Considering the Turkish Economy and the Conditions of its Success

The Turkish economy is currently moving at full throttle. Not since the privatization reforms of the venerable Turgut Özal has there been such a sustained stretch of economic progress. While the average Turk will point to the fact that unemployment, which probably unofficially hovers at 14-16%, remains a sizable dampener to overall well-being, a considerable cross-section of Turkish society would nonetheless agree that the country's economy is enjoying unprecedented prosperity.

Taxi drivers in Istanbul and even the heads of conglomerates
will tend to point to the same rationale for this long period of positive growth: the political stability experienced under the AK Party. There is little dispute that Turkey's current period of economic success correlates nicely with the starting date of the AKP's leadership of the Turkish political system. In a country that is accustomed to military coups, hyperinflation and dramatic terrorist attacks, the AKP's tenure has been quite serene by Turkish standards. This point was not lost on the AKP during the July parliamentary election and Abdullah Gül's subsequent successful bid for president. Many Turks voted for the AKP simply due to economic issues and not as a result of the party's much ballyhooed portfolio of social views.

These calm conditions have given foreign investors cause to increasingly reward Turkey with much needed sources of investment. Foreign capital inflows have been quite often directed toward the very large number of government assets, which the AKP has aggressively sought to privatize. The growth of exports have also played a prominent role in the country's economic resurgence. According to the head of the Turkish Congress of Exporters (TIM), Turkey's exports exceeded $100bln during the past 12 months for the first time in the country's history. Exports of automobiles took the lead, followed by clothing and textiles and steel-iron in a distance third.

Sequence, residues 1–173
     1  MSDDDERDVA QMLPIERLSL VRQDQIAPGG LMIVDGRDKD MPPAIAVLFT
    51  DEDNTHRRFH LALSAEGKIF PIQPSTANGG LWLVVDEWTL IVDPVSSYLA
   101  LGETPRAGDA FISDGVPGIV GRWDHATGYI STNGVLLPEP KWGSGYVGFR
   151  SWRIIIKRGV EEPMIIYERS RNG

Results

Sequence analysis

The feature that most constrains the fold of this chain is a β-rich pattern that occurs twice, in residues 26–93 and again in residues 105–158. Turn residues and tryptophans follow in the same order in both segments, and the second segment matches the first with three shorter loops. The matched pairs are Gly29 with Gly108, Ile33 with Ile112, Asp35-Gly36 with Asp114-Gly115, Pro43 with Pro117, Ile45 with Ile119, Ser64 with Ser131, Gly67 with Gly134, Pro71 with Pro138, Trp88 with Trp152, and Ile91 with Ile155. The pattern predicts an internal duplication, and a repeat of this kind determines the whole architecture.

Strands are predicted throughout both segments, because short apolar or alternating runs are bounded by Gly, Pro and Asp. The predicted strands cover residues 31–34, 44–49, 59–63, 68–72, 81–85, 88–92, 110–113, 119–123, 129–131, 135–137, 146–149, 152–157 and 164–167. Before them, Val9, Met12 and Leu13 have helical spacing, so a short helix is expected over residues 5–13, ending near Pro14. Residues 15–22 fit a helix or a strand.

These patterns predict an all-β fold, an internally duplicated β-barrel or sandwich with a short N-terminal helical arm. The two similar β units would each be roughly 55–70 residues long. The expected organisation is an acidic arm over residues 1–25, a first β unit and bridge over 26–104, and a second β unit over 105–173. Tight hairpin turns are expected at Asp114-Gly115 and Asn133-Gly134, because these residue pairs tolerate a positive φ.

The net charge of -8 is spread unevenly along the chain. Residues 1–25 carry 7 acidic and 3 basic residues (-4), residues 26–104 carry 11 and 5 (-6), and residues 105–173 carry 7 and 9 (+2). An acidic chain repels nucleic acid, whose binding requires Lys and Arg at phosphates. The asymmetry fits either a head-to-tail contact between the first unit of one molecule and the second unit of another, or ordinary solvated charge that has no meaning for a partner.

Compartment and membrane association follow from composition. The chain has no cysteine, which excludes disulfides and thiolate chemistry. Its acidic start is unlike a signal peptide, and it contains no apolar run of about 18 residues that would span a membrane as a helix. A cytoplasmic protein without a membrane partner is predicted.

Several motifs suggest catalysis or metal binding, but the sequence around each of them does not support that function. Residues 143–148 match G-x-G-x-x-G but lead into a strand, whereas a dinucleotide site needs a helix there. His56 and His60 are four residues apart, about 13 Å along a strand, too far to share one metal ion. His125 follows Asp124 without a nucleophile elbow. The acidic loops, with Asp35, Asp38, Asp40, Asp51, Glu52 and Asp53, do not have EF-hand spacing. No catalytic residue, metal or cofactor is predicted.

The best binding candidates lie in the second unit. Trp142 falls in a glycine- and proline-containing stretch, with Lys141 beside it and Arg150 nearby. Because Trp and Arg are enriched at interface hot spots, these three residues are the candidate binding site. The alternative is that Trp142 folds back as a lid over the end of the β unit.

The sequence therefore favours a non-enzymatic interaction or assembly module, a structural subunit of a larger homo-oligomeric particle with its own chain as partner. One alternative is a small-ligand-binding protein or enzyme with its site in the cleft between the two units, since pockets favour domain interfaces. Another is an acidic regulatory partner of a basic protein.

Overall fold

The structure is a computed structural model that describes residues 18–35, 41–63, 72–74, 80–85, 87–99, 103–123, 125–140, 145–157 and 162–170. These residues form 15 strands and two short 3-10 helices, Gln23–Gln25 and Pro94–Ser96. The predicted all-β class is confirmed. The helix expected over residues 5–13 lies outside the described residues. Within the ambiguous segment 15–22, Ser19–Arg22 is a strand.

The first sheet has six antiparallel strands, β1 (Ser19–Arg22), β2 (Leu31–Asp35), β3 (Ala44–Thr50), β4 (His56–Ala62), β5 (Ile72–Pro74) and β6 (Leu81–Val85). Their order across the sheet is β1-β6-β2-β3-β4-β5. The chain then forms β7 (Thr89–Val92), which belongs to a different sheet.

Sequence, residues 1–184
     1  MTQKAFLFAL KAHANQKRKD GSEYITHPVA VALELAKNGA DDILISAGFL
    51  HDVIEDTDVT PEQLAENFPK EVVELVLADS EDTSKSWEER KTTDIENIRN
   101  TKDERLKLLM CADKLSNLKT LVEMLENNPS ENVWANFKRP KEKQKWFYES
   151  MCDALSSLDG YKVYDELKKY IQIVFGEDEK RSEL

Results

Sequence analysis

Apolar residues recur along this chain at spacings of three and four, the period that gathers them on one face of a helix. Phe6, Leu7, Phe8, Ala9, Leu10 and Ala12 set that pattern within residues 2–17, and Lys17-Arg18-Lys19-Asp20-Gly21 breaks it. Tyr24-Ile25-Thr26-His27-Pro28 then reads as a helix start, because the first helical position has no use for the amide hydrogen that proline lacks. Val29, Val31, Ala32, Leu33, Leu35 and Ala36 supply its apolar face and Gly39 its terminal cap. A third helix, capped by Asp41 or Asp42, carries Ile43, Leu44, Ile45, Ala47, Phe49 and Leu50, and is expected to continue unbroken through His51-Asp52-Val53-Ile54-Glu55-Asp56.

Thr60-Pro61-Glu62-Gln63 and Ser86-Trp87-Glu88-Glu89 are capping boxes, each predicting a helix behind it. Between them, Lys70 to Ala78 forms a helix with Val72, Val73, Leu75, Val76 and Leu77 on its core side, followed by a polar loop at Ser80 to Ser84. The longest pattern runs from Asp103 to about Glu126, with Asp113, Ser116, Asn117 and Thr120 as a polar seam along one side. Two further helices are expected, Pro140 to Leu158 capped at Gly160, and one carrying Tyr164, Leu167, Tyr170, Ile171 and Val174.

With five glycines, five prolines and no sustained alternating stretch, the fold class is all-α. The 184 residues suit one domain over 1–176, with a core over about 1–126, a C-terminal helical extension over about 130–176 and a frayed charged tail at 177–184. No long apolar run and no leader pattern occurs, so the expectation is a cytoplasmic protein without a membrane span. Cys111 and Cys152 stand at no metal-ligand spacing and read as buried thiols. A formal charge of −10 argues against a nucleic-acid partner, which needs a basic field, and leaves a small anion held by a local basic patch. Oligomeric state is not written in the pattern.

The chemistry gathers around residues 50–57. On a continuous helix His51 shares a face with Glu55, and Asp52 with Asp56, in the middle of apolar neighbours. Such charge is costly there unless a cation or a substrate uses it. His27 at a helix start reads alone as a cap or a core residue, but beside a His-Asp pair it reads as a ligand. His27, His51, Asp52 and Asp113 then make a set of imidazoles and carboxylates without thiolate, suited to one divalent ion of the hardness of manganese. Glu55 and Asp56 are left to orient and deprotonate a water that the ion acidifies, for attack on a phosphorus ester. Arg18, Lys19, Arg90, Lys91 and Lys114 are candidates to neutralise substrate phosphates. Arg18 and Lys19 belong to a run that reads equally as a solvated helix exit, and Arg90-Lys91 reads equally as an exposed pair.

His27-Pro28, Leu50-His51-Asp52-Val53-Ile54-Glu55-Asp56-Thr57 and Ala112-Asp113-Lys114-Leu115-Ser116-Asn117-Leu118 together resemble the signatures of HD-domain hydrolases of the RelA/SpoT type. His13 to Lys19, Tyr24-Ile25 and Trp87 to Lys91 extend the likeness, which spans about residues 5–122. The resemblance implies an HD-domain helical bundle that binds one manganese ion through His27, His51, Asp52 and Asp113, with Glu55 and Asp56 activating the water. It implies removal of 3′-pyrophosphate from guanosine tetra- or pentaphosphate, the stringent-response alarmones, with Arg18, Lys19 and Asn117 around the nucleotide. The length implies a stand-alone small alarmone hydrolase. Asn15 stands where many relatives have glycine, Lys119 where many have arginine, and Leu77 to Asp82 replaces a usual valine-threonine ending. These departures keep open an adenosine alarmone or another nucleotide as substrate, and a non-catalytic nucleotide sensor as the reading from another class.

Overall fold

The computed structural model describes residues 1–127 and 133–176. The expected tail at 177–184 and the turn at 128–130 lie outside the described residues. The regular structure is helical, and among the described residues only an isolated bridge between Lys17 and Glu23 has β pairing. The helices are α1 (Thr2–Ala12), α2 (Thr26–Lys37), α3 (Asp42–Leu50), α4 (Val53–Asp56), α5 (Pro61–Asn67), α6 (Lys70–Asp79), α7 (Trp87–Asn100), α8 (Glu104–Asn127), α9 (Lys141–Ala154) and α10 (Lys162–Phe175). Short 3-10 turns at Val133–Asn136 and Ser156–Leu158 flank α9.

The numbers would indeed seem to indicate that AK Party is doing something correct. However, "the numbers" only tell a small sliver of the entire story as is often the case. In addition to the AKP's adept management and calming presence, one must also consider certain other factors that have equally contributed to the situation.

There has been a great prevalence of "petrodollars" in the Middle East looking for "shariah-compliant" homes for investment. Under the unprecedented political auspices of the religiously conservative AKP, Turkey emerged as a much more viable option for this capital. In this regard, the Turkish economy of the AKP era has been a direct beneficiary of the oil-crazed world and its oil market. Second, the availability of inexpensive products from China has also had a great influence on the Turkish economy. In addition to increasing the buying power of the Turkish consumer, cheap Chinese products have so far been a benefit to the non-textile sectors of the Turkish economy. This has particularly been the case for the outsourcing of component parts, which are used for goods manufactured in Turkey.

All of this should be reconsidered in the increasingly gloomy shadows cast by the foreign trade deficit, which Turkey currently maintains. In addition to considerable spending in the public sector, Turkey's great affinity for imports is strongly driven by its energy consumption needs. While this situation is more palatable during periods of reliable foreign investment, the continued strength of such inflows is certainly ephemeral.

In the opinion of this observer, it is time for the AKP to stop riding on its somewhat false laurels concerning economic management. The AKP must instead use its strong political mandate to take the types of tough measures, which are necessary to cushion the Turkish economy's inevitable descent into more turbulent economic waters. If the AKP chooses not to take such steps, it will eventually find itself in equally hostile circumstances.

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